Although medical marijuana has been legal in California since 1996, in hospitals the unwritten policy is “don’t ask, don’t tell.”
According to Dr. Larry Bedard, it’s the only legally prescribed drug that can’t be openly used by patients. But Bedard is trying to change all that.
A retired ER doc who is now on the board of the Marin Healthcare District, Bedard is lobbying to allow patients at Marin General Hospital in northern California to openly use medical cannabis. Patients wouldn’t be able to smoke marijuana in the hospital, but Bedard says patients’ families could openly give it to them in other forms, such as edibles.
Bedard argues that open consumption would better ensure patient safety because it gives doctors the full picture of what medications they are using. But part of the reason the secrecy remains is that marijuana regulations are still an overlapping patchwork of conflicting federal and state laws.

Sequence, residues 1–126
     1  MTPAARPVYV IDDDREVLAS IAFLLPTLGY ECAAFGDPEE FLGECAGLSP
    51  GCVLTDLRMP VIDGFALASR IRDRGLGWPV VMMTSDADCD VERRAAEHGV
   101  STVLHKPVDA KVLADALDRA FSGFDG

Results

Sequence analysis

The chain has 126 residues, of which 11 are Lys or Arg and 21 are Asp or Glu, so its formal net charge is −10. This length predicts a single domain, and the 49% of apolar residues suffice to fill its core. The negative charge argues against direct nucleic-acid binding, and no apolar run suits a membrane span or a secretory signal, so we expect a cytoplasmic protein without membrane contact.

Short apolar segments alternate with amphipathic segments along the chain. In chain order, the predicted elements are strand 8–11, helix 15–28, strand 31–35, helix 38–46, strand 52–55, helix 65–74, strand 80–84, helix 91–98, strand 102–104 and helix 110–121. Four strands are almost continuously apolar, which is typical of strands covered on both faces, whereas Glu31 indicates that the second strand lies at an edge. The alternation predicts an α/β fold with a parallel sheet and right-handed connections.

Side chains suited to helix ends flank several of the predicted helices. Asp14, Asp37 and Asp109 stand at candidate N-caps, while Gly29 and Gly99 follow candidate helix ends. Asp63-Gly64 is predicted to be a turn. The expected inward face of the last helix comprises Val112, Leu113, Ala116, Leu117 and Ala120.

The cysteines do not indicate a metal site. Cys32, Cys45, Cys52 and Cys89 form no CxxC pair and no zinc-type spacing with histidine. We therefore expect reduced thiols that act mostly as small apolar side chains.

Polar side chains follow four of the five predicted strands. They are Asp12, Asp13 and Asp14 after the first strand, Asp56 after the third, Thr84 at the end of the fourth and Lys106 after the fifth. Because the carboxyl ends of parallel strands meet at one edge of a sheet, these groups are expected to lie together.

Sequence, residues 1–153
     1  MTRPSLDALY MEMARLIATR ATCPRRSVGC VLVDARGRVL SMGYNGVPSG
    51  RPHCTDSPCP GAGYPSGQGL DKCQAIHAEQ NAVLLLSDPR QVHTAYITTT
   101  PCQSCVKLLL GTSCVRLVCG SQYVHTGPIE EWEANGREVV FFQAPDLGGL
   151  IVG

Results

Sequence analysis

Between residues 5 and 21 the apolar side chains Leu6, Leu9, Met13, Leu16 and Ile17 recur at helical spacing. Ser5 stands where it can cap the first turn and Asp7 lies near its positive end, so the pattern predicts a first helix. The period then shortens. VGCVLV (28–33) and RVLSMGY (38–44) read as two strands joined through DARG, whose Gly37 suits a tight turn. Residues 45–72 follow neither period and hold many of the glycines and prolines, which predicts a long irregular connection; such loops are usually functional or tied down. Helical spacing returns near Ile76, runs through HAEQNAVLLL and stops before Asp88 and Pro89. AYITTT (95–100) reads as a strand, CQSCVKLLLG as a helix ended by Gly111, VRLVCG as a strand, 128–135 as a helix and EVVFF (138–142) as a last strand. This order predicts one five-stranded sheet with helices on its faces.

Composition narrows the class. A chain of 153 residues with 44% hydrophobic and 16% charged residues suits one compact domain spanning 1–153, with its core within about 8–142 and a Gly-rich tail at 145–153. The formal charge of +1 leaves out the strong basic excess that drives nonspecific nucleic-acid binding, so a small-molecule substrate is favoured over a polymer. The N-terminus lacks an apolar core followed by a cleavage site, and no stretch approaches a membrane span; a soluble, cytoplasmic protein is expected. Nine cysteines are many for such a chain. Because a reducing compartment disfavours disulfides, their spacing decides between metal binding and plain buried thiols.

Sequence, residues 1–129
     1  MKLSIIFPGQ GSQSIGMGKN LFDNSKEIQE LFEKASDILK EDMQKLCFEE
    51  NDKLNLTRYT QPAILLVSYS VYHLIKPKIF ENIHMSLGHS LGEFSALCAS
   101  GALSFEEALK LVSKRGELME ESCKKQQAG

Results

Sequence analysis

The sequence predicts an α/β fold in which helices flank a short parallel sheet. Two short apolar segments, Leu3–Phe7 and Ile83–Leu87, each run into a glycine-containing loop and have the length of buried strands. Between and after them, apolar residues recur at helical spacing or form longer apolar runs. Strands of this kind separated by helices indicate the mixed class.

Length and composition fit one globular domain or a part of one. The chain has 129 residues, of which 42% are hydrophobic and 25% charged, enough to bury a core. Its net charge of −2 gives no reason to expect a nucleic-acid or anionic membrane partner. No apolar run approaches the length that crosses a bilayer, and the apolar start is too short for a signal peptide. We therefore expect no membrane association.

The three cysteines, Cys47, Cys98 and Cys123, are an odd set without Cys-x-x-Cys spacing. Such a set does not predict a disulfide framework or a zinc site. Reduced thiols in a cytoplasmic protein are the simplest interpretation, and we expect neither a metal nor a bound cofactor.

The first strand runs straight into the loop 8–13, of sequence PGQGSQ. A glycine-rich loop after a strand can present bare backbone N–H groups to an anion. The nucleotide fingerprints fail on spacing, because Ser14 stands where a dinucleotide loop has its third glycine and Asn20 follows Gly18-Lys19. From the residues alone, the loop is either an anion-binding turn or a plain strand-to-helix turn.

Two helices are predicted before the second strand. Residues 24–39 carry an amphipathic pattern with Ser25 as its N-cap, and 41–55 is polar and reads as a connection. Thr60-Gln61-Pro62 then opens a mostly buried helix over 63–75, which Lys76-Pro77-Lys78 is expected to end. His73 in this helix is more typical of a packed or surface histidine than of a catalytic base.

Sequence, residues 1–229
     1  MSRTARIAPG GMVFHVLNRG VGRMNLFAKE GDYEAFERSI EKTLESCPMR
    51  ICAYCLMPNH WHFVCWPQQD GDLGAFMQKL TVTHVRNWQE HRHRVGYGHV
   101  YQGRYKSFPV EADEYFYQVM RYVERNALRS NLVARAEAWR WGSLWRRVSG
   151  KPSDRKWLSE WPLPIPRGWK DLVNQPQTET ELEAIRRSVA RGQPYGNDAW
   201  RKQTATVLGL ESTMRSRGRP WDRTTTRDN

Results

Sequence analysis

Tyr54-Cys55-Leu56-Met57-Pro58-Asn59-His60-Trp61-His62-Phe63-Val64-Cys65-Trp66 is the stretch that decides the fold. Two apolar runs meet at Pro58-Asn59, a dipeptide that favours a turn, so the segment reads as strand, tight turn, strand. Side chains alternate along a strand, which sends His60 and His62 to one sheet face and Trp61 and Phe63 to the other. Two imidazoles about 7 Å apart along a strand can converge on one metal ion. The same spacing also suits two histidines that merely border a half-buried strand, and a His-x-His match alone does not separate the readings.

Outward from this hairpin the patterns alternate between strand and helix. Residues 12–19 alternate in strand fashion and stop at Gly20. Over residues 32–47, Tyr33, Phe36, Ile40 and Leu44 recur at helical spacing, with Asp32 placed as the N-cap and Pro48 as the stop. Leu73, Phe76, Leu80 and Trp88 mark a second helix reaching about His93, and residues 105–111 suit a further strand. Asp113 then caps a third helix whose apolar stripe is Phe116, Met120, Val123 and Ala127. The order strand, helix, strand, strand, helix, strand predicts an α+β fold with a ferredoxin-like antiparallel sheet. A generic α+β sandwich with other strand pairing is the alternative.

Last month the federal Drug Enforcement Agency opted to keep marijuana classified as a schedule 1 controlled substance, which lists it alongside heroin and LSD. The announcement means that if a hospital allows the use of marijuana it could jeopardize its Medicare and Medi-Cal contracts.
However, at the start of 2018, California state laws allowing the use of marijuana for recreational use will go into effect, which could pave the way for change in a hospital setting.
To get the ball rolling at Marin General, Bedard helped bring a resolution to the board to have its staff investigate the legal and clinical implications of letting patients use marijuana on site. The resolution was approved last week.
For the next step, the board is planning a series of public meetings on the use of cannabis in hospitals.
And while it’s a serious issue, Bedard said he sees the humor in having the movement start at his hospital.
“I just can see it if we approve medicinal cannabis we’re going to be known as Marijuana General Hospital,” he says. “My favorite is Marin Ganja Hospital.”